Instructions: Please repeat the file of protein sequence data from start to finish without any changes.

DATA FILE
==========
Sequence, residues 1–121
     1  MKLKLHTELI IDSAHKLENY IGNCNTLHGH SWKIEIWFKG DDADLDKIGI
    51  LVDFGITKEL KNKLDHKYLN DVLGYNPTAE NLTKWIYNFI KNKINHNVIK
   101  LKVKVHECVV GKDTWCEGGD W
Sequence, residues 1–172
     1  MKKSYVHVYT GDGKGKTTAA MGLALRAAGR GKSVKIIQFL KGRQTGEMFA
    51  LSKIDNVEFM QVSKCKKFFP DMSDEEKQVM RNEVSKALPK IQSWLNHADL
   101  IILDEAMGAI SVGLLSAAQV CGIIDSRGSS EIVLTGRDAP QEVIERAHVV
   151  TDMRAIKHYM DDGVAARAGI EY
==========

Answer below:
Sequence, residues 1–121
     1  MKLKLHTELI IDSAHKLENY IGNCNTLHGH SWKIEIWFKG DDADLDKIGI
    51  LVDFGITKEL KNKLDHKYLN DVLGYNPTAE NLTKWIYNFI KNKINHNVIK
   101  LKVKVHECVV GKDTWCEGGD W
Sequence, residues 1–172
     1  MKKSYVHVYT GDGKGKTTAA MGLALRAAGR GKSVKIIQFL KGRQTGEMFA
    51  LSKIDNVEFM QVSKCKKFFP DMSDEEKQVM RNEVSKALPK IQSWLNHADL
   101  IILDEAMGAI SVGLLSAAQV CGIIDSRGSS EIVLTGRDAP QEVIERAHVV
   151  TDMRAIKHYM DDGVAARAGI EY